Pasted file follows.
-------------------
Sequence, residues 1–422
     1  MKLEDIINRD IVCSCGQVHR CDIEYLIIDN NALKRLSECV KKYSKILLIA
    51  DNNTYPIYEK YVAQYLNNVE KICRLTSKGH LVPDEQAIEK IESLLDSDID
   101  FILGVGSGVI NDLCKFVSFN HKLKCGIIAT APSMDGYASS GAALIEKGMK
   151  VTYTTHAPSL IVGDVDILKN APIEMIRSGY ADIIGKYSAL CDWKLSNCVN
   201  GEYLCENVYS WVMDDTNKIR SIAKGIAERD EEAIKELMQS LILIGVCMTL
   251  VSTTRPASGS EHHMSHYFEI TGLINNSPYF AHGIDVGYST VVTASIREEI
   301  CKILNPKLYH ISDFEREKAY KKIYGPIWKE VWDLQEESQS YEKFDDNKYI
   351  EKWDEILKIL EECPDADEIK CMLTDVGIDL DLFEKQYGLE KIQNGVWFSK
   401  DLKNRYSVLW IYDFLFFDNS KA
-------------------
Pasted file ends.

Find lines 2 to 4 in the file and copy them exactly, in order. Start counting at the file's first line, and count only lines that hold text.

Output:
     1  MKLEDIINRD IVCSCGQVHR CDIEYLIIDN NALKRLSECV KKYSKILLIA
    51  DNNTYPIYEK YVAQYLNNVE KICRLTSKGH LVPDEQAIEK IESLLDSDID
   101  FILGVGSGVI NDLCKFVSFN HKLKCGIIAT APSMDGYASS GAALIEKGMK